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T he end of a sentence is signalled by a period, an exclamation mark, or a question mark. One almost never sees a question mark or an exclamation point in the middle of a sentence. A period, on the other hand, has many uses in addition to ending a sentence: for example, a period is used in titles, abbreviations, and placenames; and so, in these situations, a period is seen in the middle of a sentence. In this module, students will learn the rules for correct use of end punctuation, and to use end punctuation correctly and effectively in writing.
! ! ! . . .? ? ?
A period, also called a "full stop," is used to signal the end of most kinds of sentences . . .
the period at the end of a sentence:
A declarative sentence: a period is used to end a sentence that states a fact, such as "She laughed at my joke," or an opinion, such as "I believe it will rain today."
An imperative sentence: a period is also used to conclude a sentence that issues an order, gives advice, or makes a request—though with requests, one may choose instead to use a question mark.
Note: a good way to determine whether a request should end with a period or a question mark is to say the sentence out loud. If your voice goes up at the end of the sentence, use a question mark. Little rise in your voice indicates a level of formality and polite hesitation; a period expresses this polite tone.
An indirect question: a period is used in a sentence that includes a question, but is itself not a question.
other uses of the period
Periods and Money
A period is used between dollars and cents. No period is used when money is rounded to dollars:
$45.89 $45 $1,150 $1,150.00 $.67 $1
Periods and Abbreviations
Periods are not used in the abbreviations of familiar institutions, organizations, radio stations, long terms, and states do not take periods:
CIA FBI BBB AAA KFOG AIDS BART EBMUD CA
Nor are periods used in abbreviations that have become widely accepted as replacment words for the full version:
exam memo dorm web cell
Periods are used in abbreviations used for titles and unfamliar institutions and organizations:
Dr. Mr. Ms. M.D. Ph.D. Col. M.A.D.D.
Periods are also used after numbers or letters in an outline, unless the number or letter is enclosed in parentheses:
I. A. 1. 1.1.2. (a) (iii)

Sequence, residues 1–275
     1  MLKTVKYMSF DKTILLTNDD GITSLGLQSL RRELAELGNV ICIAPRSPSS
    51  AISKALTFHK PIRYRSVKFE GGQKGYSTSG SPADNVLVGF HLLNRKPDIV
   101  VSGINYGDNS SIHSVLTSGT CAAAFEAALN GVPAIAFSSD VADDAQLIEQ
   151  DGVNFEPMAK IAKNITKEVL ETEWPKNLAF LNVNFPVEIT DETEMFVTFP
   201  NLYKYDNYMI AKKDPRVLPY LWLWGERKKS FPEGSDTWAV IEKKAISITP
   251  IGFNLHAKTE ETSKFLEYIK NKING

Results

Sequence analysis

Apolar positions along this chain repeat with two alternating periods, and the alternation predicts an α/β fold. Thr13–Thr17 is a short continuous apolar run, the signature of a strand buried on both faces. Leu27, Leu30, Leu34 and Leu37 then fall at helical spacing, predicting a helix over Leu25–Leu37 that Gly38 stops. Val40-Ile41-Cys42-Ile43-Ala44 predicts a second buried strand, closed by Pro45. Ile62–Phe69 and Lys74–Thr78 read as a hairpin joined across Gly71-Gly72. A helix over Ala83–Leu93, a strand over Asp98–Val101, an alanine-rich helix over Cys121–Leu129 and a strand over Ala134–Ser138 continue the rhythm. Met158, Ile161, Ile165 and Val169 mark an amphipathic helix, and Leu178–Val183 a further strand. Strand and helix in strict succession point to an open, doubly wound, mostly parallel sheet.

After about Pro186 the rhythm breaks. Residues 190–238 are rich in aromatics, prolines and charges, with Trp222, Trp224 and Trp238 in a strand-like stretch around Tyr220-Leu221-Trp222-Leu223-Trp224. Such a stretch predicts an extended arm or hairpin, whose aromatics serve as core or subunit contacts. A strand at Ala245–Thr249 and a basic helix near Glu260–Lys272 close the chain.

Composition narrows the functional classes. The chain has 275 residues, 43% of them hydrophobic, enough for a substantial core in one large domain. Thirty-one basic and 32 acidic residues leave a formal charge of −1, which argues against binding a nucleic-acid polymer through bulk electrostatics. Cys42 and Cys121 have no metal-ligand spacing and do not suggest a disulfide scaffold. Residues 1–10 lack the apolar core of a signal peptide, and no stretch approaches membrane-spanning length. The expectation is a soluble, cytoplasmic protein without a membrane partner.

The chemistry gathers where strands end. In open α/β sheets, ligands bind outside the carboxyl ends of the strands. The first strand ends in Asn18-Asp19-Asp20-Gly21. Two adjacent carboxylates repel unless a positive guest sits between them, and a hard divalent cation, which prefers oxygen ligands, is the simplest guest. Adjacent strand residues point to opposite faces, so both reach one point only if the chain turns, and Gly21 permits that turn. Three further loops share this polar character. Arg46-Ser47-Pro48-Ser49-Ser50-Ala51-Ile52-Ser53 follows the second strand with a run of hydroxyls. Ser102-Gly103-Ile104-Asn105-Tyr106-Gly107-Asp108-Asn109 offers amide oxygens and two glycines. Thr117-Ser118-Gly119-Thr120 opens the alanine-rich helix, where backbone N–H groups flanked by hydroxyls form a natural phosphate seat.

An ellipses, or a series of three periods (with a space between the last word or the period at the end of a sentence), is used to show an ommission of words in quote. If a single word is ommitted, use brackets ([ ]) to indicate the ommission.
Ellipses may also be used to indicate a pause or an unfinished thought:
The Question Mark
Use a question mark at the end of a direct question.
A question mark goes inside the closing quote if the quote is a question; if the sentence itself is a question, place the punctuation outside the closing quote. Do not double up punctuation when using a question mark by adding in the usual comma or a period. Skip the additional punctuation:
Use a question mark in parentheses to express doubt or uncertainty. But be careful not to overuse this technique, or use it as a substitute for explanation when an explanation would be useful.
As discussed above, do not use question marks after indirect questions or polite requests.
In a series of questions, it is acceptable to abbreviate questions after the initial question if the structure is clear.
Are you really coming? For two weeks? Really?
The Exclamation Point
The exclamation point is believed to have its origins in the Latin exclamation io, a term used to express joy. In the English language, exclamation points allow writers to quickly let a reader know that a statement is emphatic. There is a world of difference between "No." and "No!" for example. Be careful, however, to use an exclamation mark for strong emotions; overuse of exclamation marks make it seem as if a writer is relying on symbols rather than language to convey meaning.
Note: In a quotation, an exclamation point goes inside a closing quote if the quote is an exclamation; if the sentence itself is an exclamation, place the punctuation outside the closing quote. Do not double up punctuation when using a an exclamation point by adding in the usual comma or a period. Skip the additional punctuation:
His doctor exclaimed, "Wow! It's lucky we caught this in time."
Fixing Common End Punctuation Mistakes
If you discover the comment "EP" (for "faulty end punctuation") in the margin of a paper you have received back from your instructor, asking yourself the following questions may help you quickly figure out where you went wrong.
1. The period
2. The question mark
3. The exclamation mark
4. Fixing common EP mistakes